If the point is that you can still do old school low frequency projects from the ground up ...

... then everything is easier today!

Re:Everything is easier today! (1)

ArbitraryName (3391191) | about a year ago | (#45172267)

But if the claim is that it is easy to do the hardware and software for a complete system on a par with contemporary designs? No friggin' way. Period.

No one made that claim, Don Quixote. Settle down. It's a lot easier to do what you did in the 80's and 90's now though, simply because there's a lot more easy to find information.

Re:Everything is easier today! (0)

Anonymous Coward | about a year ago | (#45172947)

>If the point is that you can still do old school low frequency projects from the ground up ... well obviously. But if the claim is that it is easy to do the hardware and software for a complete system on a par with contemporary designs? No friggin' way. Period.

Field-programmable gate arrays have come a long way. Granted, you won't be making any Itaniums but no one person could hold a design of that size in their head anyway.

Re:Everything is easier today! (1)

flimflammer (956759) | about a year ago | (#45175595)

I think you missed the point. They're not saying doing things at the bleeding edge today is easier than the bleeding edge yesterday, they're saying doing the things bleeding edge yesterday are easier today.

Re:Everything is easier today! (1)

xtal (49134) | about a year ago | (#45176129)

Bollocks.

The transmission line tools are all there. I've done board up ARM designs in a basement, from the IC through to bootloading.

It wasn't wire wrap cheap, but it wasn't undoable, either. There are solid reference designs you work from. My budget was about $35,000 in 2005.

What's different today is documentation is very good, everywhere, there are lots of reference designs, and places to get help. If the platform you're working on doesn't have those, you go somewhere else.

The Pi has a full set of open designs. Tell me where you were going to find those in the 90's?

Re:Everything is easier today! (1)

Zero__Kelvin (151819) | about a year ago | (#45176687)

"My budget was about $35,000 in 2005."

I did mine for less than $300.00. See the difference?

"The Pi has a full set of open designs. Tell me where you were going to find those in the 90's?"

I told you ... I designed one myself from the ground up. Now if your point is that it is much easier to design hardware if you just buy it pre-designed and pre-made, then I totally agree with you. Buying it pre-designed and manufactured is indeed easier than designing it yourself.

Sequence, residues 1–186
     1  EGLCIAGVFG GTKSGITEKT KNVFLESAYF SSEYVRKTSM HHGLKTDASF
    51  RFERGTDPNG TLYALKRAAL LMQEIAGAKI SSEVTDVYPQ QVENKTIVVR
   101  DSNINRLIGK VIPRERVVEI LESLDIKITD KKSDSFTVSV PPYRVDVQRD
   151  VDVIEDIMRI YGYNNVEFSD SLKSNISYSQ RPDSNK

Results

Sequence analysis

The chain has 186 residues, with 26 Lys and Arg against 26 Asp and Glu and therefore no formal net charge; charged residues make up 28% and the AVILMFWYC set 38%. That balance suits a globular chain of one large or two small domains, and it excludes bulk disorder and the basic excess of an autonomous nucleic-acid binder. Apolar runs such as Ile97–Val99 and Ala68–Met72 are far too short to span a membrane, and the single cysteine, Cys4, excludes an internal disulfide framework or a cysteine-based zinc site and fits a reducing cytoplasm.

Re:Everything is easier today! (1)

zwarte piet (1023413) | about a year ago | (#45176509)

Nobody makes you use clocks in the Gigaherz range. Atmel and numerous other brands still make 8 bit microcontrollers that can go as low as 32khz or as high as 20Mhz. Is up to you and all the hf stuff happens in the chip anyway. Recently designed a vending machine controller with an all thru-hole board and a clock of 3.386Mhz. No problem.

Re:Everything is easier today! (1)

Zero__Kelvin (151819) | about a year ago | (#45176669)

Can you read?

Re:Everything is easier today! (1)

Mr.CRC (2330444) | about a year ago | (#45177389)

Thru hole, in 2013? Jeez, I'm even designing mostly SMT for home projects like Nixie clocks. I find SMT easier to work with than PTH.

Re:Everything is easier today! (1)

zwarte piet (1023413) | about a year ago | (#45176523)

Wirewrapping and blinkenlichten. Sounds like fun. :)

Re:Everything is easier today! (0)

Anonymous Coward | about a year ago | (#45171271)

It helps when so much software is open source and/or written in JavaScript these days.

I remember back in the olden days when HyperTalk was relevant, HyperTalk scripts were inherently open source (unless obfuscated) in the same way that JavaScript code is inherently open source. I wished really hard that more software could be open source, and a couple of decades later, my wish has come true.

Re:Everything is easier today! (0)

Anonymous Coward | about a year ago | (#45175395)

And the best thing about using the 6502 is that you can even run it in JavaScript [visual6502.org] !

Re:Everything is easier today! (1)

sydneyfong (410107) | about a year ago | (#45175969)

There's a ridiculous amount of stuff out there, if you have enough time to plow through it all.

That is what makes it hard these days. And once a while you still have to write programs using the standard C libraries (stdclib is C++, you lucky bastard ;-p)

Run! (3, Insightful)

sycodon (149926) | about a year ago | (#45171065)

Run the opposite direction!

Software is made up of worlds created by people hopped up on caffeine and suffering from too little sleep. Hardware follows physical laws, software follows no laws.

Hardware is created, finalized and shipped. Software is a never ending dreary of bug fixes, upgrades and incompatibility.

For your own sanity, stay away.

Re:Run! (0)

Anonymous Coward | about a year ago | (#45171161)

But those worlds can be so incredibly fascinating...

Re:Run! (1)

GiganticLyingMouth (1691940) | about a year ago | (#45171309)

... software follows no laws.

Tell that to my compiler. I'd say if anything software is very structured; you have a limited pool of recognized syntax that can be combined in specific ways. If you're using a library, you have to adhere to its API. Ultimately your code will be running on some processor, which has a limited set of instructions it can perform. Software has no laws? Hardly.